A trained singer is able to lower his larynx, widen his pharynx, raise his soft palate and soften the muscles in the throat. In this way, he or she is able to amplify the sound made in the larynx (voice box) and to add quality to it with little effort.
On the other hand, a new singer uses more effort to produce less sound.
Open throat should be one of the first goals of vocal training.
Did you know that an open throat can be accomplished even before you start singing?
By maintaining ideal posture for singing, an open throat can be achieved during inhalation.
Proper posture – a prerequisite for an open throat – allows the vocal mechanism to function well.
The larynx is suspended in a balanced way allowing the vocal cords to come together naturally and produce clear tones.
To read more about good posture while singing, read my blog post called How to Sing Well: Singing Posture.
(To learn more about a great book about proper body alignment for healthy and effortless sound production, read my review of Your Body, Your Voice by Theodore Dimon. It is a fantastic resource for those who struggle with aligning their bodies to achieve natural sound.)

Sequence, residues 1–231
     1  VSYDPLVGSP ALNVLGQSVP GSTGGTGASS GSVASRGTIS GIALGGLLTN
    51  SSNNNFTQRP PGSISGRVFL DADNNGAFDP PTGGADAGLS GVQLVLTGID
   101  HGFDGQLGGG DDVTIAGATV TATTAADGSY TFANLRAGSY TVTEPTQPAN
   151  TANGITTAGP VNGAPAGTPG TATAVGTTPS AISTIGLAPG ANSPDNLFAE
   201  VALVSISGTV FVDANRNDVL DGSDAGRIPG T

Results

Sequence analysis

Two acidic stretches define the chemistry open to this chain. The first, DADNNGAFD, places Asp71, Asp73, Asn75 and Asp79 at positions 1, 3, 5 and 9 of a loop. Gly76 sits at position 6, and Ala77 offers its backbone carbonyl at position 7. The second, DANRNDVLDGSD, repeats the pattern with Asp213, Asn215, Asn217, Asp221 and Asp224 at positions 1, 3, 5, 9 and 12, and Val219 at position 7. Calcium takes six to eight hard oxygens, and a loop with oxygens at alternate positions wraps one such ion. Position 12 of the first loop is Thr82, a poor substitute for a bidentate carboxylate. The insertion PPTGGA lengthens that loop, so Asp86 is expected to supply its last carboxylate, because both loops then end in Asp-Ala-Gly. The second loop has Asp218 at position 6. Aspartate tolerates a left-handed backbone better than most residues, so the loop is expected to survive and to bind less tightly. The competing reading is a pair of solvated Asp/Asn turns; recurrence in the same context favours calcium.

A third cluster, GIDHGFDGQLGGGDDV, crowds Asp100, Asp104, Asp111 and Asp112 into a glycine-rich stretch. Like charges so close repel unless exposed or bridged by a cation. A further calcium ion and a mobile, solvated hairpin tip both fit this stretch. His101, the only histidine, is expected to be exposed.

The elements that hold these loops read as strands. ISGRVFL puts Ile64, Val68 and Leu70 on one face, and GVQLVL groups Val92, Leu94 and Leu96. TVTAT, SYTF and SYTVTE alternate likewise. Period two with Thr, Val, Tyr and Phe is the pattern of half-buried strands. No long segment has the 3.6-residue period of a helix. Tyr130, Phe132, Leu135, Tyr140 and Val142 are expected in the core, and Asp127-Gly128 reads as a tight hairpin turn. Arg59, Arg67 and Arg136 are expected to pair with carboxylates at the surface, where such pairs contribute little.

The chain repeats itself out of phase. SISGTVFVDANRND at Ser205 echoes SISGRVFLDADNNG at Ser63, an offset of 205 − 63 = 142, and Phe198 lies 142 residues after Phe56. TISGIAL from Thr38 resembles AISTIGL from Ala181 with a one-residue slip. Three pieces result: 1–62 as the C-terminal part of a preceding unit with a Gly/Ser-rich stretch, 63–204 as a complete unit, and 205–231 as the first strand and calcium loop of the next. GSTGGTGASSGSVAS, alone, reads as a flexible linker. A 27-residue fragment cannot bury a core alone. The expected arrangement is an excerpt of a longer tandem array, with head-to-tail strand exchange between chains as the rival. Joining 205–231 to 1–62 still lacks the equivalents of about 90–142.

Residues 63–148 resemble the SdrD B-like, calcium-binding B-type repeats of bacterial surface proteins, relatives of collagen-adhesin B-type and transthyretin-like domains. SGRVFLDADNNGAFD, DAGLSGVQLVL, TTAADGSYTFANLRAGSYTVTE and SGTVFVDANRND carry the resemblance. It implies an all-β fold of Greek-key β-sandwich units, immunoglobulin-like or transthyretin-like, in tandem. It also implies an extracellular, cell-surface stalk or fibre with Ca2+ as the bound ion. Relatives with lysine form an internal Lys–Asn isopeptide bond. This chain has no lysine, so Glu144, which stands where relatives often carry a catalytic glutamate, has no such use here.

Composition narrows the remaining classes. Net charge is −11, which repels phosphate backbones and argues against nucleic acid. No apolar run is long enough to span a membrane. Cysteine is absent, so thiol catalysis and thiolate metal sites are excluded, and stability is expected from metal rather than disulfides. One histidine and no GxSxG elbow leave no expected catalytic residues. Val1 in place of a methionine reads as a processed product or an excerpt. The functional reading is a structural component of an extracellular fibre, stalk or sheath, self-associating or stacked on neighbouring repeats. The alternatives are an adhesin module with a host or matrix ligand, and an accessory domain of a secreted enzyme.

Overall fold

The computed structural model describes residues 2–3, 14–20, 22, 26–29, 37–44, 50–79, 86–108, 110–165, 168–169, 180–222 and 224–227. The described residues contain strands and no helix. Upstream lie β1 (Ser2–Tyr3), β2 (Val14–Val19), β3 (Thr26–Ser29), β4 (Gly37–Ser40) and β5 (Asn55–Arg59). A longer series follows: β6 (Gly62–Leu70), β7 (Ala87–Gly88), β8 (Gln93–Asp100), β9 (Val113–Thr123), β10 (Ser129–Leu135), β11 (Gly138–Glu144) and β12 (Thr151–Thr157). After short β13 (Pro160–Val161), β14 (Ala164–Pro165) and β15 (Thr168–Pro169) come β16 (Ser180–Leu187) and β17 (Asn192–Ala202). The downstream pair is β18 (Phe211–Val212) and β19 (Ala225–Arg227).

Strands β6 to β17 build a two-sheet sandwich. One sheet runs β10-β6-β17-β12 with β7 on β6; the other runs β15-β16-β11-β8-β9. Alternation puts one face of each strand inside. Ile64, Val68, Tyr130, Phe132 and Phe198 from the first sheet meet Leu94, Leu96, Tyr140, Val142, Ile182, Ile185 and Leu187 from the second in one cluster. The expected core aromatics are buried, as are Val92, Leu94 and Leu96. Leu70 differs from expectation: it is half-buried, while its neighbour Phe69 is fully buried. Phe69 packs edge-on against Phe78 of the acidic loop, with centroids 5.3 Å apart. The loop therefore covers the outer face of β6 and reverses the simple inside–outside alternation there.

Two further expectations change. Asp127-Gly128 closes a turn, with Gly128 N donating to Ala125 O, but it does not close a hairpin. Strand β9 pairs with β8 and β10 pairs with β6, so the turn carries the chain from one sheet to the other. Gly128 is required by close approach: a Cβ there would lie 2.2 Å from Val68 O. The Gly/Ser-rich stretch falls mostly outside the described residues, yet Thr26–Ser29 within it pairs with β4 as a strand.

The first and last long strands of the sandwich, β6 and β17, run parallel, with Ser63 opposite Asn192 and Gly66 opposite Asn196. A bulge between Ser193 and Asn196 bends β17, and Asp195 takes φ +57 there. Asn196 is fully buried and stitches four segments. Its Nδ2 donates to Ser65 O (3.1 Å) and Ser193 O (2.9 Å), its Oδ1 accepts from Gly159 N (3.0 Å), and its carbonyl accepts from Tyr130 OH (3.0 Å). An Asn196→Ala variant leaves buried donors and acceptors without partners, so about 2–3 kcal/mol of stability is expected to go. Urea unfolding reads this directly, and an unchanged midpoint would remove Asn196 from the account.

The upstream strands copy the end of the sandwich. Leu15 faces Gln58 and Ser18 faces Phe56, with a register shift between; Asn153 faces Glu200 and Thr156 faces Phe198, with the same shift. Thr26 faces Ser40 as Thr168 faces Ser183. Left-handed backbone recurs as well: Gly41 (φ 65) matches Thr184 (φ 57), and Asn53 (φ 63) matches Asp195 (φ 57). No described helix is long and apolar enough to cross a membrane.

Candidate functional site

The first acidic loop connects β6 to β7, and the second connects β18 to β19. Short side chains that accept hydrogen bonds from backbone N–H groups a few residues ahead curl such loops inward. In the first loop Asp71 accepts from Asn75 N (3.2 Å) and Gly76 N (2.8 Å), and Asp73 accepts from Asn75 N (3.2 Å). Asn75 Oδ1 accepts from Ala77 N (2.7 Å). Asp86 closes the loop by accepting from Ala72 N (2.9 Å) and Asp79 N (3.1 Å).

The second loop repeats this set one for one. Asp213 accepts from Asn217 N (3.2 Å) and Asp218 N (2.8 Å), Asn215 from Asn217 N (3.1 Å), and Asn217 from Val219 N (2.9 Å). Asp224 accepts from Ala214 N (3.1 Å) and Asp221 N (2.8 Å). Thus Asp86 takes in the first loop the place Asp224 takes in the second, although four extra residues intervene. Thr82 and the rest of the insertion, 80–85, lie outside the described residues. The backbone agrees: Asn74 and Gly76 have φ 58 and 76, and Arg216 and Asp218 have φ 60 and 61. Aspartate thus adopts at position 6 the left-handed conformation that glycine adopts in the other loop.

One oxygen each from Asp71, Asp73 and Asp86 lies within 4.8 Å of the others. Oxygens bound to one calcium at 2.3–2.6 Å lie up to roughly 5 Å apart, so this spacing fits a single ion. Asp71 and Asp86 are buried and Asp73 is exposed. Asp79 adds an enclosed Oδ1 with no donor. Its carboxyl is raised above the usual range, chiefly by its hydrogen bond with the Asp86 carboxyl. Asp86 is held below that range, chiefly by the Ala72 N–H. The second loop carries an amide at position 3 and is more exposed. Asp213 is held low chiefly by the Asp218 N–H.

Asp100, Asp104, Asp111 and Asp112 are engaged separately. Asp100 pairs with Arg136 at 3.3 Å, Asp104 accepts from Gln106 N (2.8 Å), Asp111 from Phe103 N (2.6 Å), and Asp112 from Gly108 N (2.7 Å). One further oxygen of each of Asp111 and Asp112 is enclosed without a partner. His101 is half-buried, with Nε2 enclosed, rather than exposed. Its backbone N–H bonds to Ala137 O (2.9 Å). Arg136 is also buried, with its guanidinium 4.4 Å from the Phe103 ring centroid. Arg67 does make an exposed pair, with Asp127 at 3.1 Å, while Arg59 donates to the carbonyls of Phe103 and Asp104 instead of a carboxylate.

Opening of the throat happens somewhat automatically on inhalation – the larynx lowers and the soft palate lifts. You cannot directly open the phraynx (throat) so a singer needs to use “tricks” to open it.
How to Sing with an Open Throat?
In order to understand what singing with an open throat means and how to open your throat, a new singer has to be familiar with the anatomy and function of the vocal mechanism as well as singing terminology.
To familiarize yourself with the basic vocal structure and function, you can visit this blog post or watch the following video.
Bear in mind that singing is a discovery process and good habits require time and patience (this definitely applies to the concept of an open throat).
As mentioned previously, the prerequisite for a free and open throat is a proper posture for singing.
Develop a habit of aligning your body in a way that creates ideal conditions for singing.
To read more about proper posture, read my blog post How to Sing Well: Singing Posture.
Creating a pleasant look on your face is one of the techniques that helps create a resonating space.
A pleasant look does not mean a big grin, smile from ear to ear or an unnatural facial expression.
Some teachers may call this trick an “inner smile”.
A pleasant look involves lifting of the zygomatic muscles. These muscles are attached to the zygomatic bones (cheek bones) on one end and the corners of the mouth on the other end. The zygomatic muscles move the lip corners back and up.
The zygomatic muscles raise during inhalation, which helps to open the throat.
When crating a pleasant look on your face or inner smile, you actually feel the muscles around your mouth pull gently upwards without an actual smile. It may take some time to teach your facial muscles to achieve and keep this posture automatically. A mirror will be your best friend when practicing.
It cannot be simpler than this: inhalation prepares the vocal tract for singing.
When you inhale, your soft palate raises and your larynx lowers. This elongation of the vocal tract creates a resonating space.